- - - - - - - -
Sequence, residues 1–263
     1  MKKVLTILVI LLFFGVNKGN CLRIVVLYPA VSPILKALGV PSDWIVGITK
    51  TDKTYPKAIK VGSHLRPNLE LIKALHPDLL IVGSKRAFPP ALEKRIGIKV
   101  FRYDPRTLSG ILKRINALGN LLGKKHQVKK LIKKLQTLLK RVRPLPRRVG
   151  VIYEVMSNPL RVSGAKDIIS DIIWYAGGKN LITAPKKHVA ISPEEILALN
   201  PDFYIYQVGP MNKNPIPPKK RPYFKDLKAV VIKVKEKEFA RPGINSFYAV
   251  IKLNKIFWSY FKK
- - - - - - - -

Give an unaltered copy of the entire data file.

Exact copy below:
Sequence, residues 1–263
     1  MKKVLTILVI LLFFGVNKGN CLRIVVLYPA VSPILKALGV PSDWIVGITK
    51  TDKTYPKAIK VGSHLRPNLE LIKALHPDLL IVGSKRAFPP ALEKRIGIKV
   101  FRYDPRTLSG ILKRINALGN LLGKKHQVKK LIKKLQTLLK RVRPLPRRVG
   151  VIYEVMSNPL RVSGAKDIIS DIIWYAGGKN LITAPKKHVA ISPEEILALN
   201  PDFYIYQVGP MNKNPIPPKK RPYFKDLKAV VIKVKEKEFA RPGINSFYAV
   251  IKLNKIFWSY FKK